Enrollment and stability in the nongroup insurance market continues to be threatened by the uncertainty of support for the Patient Protection and Affordable Care Act (ACA) (P.L. 111-148). Faced with the concerns in this environment, the Robert Wood Johnson Foundation and Urban Institute issued a report, Stabilizing and Strengthening Nongroup Markets, expressing the opinion that “[t]argeted policies could fix the ACA’s problems without sacrificing its gains in coverage, affordability, and access to care.” The report identifies policies that would stabilize the nongroup insurance markets, encourage insurer participation, improve affordability, and rein in premium growth. Some policies would be implemented immediately and others would be implemented in the long term; however, solving the problems will take significant political action.

“Strategies that increase the buying power of enrollees and increase enrollment would make participation more attractive to insurers.” To strengthen ACA marketplaces, the report suggested that policymakers learn from the Medicare Advantage and Medicare Part D markets that successfully compete with the traditional Medicare program.

The current climate

The report pointed out that neither Congress nor the Trump Administration has committed to paying cost-sharing reductions, and the administration signaled it does not intend to enforce the individual mandate penalties. Open enrollment periods have been shortened and federal outreach and enrollment funds will be cut 40 percent in the Navigator program, while the ACA advertising effort will be cut 90 percent. In addition, HHS will limit access to healthcare.gov every week during the 2018 open enrollment period. Such actions will reduce coverage.

Short-term commitments

According to the report, the federal government must commit to (1) reimbursing insurers on an ongoing basis for cost-sharing reductions; (2) enforcing the individual mandate penalties; (3) increasing funding for outreach and enrollment assistance; and (4) permanently reinstating a government-funded reinsurance for nongroup markets.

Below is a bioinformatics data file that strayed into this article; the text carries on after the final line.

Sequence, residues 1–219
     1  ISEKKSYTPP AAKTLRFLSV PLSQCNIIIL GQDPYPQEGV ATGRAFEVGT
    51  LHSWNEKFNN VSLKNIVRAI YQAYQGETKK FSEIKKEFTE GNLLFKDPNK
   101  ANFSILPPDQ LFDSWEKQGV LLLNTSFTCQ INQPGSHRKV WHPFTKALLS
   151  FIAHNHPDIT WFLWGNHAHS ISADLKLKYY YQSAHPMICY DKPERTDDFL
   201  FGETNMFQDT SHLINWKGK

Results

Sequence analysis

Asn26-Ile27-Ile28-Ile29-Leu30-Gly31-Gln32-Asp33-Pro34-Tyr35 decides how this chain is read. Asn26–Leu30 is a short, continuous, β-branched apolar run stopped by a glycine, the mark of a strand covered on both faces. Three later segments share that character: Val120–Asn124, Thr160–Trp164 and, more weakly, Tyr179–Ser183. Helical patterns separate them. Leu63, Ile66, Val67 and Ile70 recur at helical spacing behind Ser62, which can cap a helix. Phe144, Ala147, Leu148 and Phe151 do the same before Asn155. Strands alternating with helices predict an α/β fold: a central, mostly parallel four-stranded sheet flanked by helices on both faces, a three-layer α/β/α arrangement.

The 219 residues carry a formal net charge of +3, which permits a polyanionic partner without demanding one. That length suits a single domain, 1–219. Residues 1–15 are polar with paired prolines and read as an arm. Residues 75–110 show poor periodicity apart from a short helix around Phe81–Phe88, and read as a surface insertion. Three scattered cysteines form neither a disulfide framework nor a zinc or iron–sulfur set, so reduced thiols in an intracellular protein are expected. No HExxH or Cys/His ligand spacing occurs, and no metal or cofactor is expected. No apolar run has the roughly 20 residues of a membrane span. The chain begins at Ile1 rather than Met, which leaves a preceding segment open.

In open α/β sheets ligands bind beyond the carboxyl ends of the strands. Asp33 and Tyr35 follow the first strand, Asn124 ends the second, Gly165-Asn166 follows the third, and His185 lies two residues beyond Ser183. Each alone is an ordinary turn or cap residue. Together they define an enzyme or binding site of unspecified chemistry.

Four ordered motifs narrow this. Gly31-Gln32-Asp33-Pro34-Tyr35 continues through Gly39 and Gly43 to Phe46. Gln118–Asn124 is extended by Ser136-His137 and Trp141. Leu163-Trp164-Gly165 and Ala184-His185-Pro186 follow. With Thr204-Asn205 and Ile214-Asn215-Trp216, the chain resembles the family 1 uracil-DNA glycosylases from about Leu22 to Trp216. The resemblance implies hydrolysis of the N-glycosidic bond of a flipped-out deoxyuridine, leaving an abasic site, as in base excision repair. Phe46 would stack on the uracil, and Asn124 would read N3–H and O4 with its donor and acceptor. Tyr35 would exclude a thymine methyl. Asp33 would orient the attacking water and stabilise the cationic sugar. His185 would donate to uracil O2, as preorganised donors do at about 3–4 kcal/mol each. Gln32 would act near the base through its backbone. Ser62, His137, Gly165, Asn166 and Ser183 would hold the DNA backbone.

Long-term commitments

Long-term recommendations addressed in the report include strengthening marketplaces, expanding coverage, reducing premiums and cost-sharing requirements, and encouraging the broadest range of insurers to participate. In addition, the federal government should permit states to expand Medicaid, eliminate non-ACA-compliant nongroup insurance products, and reverse current administrative decisions that hinder enrollment. The report noted that the lack of insurer competition is associated with higher benchmark premiums because it eliminates insurer negotiating leverage.

The report suggests that improving affordability would increase coverage, reduce the number of people uninsured, and bring more healthy enrollees into the insurance pool, lowering average premiums. Other long term policy recommendations include providing additional financial assistance to lower premiums and cost-sharing requirements for nongroup coverage, attaching premium tax credits to gold rather than silver plans lowering out-of-pocket costs for all enrollees receiving tax credits, and increasing cost-sharing subsidies for people with lower incomes.

Additional policies

To strengthen the nongroup insurance market, the report described three additional policies:

1. Benchmark premiums. Changing the way benchmark premiums are calculated affects the size of nongroup premium tax credits allowing people to choose from more plans without additional premium contributions.
2. Capping payment rates. Payment rates charged to nongroup insurers by health care providers could be capped, making it easier for insurers to enter new marketplaces and counteracting provider monopolies.
3. Standardize insurance options sold in the nongroup market. Standardizing the insurance options sold in the nongroup market could reduce the complexity of the enrollment process, improving comparability and facilitating price competition.

According to the report, “nongroup insurance markets must become larger, less expensive for consumers in both premiums and out-of-pocket costs, and less financially risky for insurers.”